2013 Subaru Outback Diesel Auto Review and First Drive | CarShowroom.com.au

14 Sep 2014 | Author: | Comments Off on 2013 Subaru Outback Diesel Auto Review and First Drive | CarShowroom.com.au

2013 Subaru Outback Diesel Auto Review and First Drive

The ‘Under $70,000 SUV Large’ segment ran to form last year Toyota Prado was the best-seller, Ford Territory was number two and Subaru Outback was impressively best of the wagon-based models at number eight.

Impressive number eight?

Well considering 45 per-cent of the segment’s sales were diesels and of those, 94 per-cent were fitted with automatic transmissions and the Outback was six-speed manual only – we’d say that’s impressive.

Subaru Outback Diesel Automatic Overview

The Subaru Outback diesel arrives with the 2013 model year updates (revised front-end styling and new-design alloy wheels).

Subaru Outback Diesel Automatic Engine

No changes under the bonnet with the boxer diesel churning-out its 110kW/350Nm with real refinement. For the 2013 model year and the automatic transmission version, that refinement has been ramped-up with extra insulation reducing noise intrusion inside.

Subaru Outback Diesel Automatic The Interior

Subaru Outback Diesel Automatic Exterior Styling

Here’s the thing about styling while Subaru Outback hasn’t won-over some of our colleagues, we rather like its looks. We like the fact Subaru’s stylists have delivered a wagon with curves.

And the tapering around the rear three-quarter again shows some complexity not common in many wagon designs.

Both standard and ‘Premium’ Outback models ride on nice 17-inch alloy wheels.

And with its overall height of 1615mm, unlike some rival full-size SUVs, the Subaru Outback is not going to challenge car-park ceiling heights (it’s never good when you bump those ceiling fire sprinkler pipes).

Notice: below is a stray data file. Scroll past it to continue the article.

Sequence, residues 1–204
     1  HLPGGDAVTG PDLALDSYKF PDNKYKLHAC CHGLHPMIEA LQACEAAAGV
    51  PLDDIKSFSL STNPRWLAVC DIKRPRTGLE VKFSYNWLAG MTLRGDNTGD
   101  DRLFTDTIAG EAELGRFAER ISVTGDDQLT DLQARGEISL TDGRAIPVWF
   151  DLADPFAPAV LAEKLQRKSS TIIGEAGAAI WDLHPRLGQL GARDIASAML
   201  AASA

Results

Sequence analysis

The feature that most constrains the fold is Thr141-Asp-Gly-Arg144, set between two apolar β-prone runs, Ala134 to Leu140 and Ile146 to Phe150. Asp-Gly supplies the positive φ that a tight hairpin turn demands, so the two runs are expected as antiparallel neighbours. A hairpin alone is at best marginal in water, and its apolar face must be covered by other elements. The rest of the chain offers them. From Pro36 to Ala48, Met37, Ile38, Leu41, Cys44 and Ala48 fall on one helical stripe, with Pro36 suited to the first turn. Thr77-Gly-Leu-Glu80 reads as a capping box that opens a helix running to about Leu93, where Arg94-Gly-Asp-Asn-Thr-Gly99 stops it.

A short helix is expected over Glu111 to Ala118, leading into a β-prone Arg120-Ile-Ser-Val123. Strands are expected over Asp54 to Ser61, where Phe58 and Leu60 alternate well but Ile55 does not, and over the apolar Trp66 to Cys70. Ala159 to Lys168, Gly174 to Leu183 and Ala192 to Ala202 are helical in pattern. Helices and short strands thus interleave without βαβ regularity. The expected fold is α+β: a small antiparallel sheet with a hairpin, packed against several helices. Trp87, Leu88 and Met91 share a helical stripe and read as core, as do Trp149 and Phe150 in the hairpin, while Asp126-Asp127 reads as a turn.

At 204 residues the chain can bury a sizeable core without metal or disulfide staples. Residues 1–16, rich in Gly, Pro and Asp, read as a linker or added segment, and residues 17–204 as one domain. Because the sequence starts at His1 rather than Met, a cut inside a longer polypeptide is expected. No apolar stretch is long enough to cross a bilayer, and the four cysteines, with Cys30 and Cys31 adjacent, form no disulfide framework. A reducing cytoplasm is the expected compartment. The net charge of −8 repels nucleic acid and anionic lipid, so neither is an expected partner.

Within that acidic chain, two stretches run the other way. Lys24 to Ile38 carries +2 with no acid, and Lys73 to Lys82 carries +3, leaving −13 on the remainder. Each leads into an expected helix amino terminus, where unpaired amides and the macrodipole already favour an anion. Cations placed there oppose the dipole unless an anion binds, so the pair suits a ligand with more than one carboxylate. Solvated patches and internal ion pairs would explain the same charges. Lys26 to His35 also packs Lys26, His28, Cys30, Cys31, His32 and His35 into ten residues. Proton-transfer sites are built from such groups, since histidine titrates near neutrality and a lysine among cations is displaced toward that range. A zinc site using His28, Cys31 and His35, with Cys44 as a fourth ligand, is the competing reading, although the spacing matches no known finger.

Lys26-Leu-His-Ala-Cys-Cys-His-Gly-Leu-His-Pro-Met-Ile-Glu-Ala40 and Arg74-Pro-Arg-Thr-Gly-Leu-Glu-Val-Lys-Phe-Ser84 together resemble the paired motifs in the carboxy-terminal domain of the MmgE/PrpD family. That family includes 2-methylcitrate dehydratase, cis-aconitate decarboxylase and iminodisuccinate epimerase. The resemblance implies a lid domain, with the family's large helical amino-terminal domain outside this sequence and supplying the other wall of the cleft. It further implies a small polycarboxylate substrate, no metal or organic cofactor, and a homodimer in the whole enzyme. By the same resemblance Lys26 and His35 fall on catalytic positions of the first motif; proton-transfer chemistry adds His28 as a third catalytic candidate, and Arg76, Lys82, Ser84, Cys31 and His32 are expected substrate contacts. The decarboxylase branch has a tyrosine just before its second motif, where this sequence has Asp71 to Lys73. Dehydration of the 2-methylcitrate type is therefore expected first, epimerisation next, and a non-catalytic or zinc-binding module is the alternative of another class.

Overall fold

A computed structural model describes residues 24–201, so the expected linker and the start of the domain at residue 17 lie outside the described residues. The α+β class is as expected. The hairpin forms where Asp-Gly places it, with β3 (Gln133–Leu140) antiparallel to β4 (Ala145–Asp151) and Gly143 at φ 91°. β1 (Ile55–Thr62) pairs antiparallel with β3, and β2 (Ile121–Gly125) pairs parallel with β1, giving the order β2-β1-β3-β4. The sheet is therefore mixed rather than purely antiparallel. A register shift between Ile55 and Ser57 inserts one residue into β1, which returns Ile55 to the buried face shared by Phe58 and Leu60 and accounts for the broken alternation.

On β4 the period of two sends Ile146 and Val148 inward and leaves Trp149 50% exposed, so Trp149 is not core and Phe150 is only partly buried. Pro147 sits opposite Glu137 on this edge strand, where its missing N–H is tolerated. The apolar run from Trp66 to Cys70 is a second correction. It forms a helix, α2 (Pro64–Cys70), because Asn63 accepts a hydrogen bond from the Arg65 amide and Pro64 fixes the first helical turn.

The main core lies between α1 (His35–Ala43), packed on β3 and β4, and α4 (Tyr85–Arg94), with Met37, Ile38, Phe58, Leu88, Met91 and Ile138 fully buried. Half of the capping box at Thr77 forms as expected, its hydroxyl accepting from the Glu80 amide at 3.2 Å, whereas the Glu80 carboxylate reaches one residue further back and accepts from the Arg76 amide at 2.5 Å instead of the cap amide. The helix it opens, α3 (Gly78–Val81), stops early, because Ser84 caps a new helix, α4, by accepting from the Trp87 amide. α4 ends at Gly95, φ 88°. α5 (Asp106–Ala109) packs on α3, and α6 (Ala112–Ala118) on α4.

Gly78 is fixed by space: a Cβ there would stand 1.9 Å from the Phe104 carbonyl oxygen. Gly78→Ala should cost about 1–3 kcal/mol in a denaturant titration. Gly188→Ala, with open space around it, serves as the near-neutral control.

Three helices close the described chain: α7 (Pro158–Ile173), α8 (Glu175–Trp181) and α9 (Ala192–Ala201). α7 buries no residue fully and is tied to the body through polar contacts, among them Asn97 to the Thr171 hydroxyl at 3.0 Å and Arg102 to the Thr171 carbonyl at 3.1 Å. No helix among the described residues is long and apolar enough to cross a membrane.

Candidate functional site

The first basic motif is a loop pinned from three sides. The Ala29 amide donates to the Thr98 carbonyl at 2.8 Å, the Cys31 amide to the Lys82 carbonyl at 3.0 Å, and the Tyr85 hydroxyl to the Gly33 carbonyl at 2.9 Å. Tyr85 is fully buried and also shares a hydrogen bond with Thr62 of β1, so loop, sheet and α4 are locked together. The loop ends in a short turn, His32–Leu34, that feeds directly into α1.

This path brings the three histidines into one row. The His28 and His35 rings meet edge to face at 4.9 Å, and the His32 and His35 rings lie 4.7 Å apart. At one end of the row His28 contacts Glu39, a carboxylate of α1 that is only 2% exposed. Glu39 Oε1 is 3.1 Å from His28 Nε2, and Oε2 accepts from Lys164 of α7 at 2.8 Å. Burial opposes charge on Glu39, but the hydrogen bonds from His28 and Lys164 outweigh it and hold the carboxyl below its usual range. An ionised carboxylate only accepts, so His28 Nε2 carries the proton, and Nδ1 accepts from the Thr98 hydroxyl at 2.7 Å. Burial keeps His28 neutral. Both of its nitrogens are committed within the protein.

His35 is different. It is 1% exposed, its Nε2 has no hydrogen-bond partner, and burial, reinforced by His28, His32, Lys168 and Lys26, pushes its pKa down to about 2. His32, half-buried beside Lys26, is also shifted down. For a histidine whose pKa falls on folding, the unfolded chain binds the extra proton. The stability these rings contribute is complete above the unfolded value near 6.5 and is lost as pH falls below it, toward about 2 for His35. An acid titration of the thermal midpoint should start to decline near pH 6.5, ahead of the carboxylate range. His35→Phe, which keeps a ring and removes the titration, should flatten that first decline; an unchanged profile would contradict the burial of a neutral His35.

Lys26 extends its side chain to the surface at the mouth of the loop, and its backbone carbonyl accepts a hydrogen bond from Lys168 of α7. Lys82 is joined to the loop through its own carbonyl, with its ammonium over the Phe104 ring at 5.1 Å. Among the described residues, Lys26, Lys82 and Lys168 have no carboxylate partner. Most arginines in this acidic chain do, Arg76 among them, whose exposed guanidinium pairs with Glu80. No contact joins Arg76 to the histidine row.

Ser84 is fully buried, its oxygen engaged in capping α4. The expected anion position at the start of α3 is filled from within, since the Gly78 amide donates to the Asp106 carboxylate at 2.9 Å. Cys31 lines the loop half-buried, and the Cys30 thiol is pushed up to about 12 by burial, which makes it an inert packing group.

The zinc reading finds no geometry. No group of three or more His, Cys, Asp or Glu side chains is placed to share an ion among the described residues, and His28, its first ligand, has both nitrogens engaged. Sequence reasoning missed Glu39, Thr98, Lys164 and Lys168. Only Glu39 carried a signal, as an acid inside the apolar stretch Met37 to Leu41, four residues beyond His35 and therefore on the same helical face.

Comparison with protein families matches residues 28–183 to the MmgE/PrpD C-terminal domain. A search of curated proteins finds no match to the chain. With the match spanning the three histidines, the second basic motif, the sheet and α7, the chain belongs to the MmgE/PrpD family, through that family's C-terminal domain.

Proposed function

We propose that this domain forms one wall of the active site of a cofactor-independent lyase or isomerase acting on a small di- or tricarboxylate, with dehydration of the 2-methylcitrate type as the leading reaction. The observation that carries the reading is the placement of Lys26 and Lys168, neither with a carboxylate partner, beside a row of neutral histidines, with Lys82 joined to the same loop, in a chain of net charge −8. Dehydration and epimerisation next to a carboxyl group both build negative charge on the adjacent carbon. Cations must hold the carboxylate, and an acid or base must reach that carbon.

Subaru Outback Diesel Automatic On the Road

Subaru despatched us to Wagga Wagga and Gundagai in Southern NSW to sample the Outback diesel. Car Showroom drove both the entry-grade 2.0D and 2.0D Premium over a variety of secondary roads, the ubiquitous Hume Highway and some excellent dirt tracks.

Arrival of the diesel automatic Outback coincides with some technical changes underneath new generation Active Torque Split AWD Control reduces tight corner ‘braking’ (an AWD trait) and revised steering and suspension tune, verified in Australian testing, has delivered a 10.7 per-cent improvement in the so-called “Moose Test” (swerve and recover). Subaru says the slightly heavier CVT transmission was the starting point for the suspension revisions.

So over the undulations and twists and curves in the back-roads to Gundagai the Subaru Outback diesel automatic was very cohesive in terms of engine/transmission matching and nicely balanced. The 11.0-metre turning circle was reasonable.

Personally, we’d still like a bit more front-end firmness for sharper turn-in (mostly in compression) but of course the Outback does have good off-road ability and its 213mm ground clearance is important for those who venture off sealed roads.

Naturally the focus was that automatic transmission and, predictably, Subaru’s engineers have done a great job. It’s fuel-efficient and intuitive (the accelerator releases quickly when slowing for better engine braking, it holds gears downhill when it detects a need and when you use more than 65 per-cent throttle it automatically switches to a seven-step with faster shift times and sharper throttle response).

Subaru Outback Diesel Automatic Challenges

A queue has developed in Subaru’s engineering department. The Outback diesel is only sold in Europe and Australia so at this stage, development of Subaru’s impressive camera-based ‘Eyesight’ safety system for these vehicles is in that queue.

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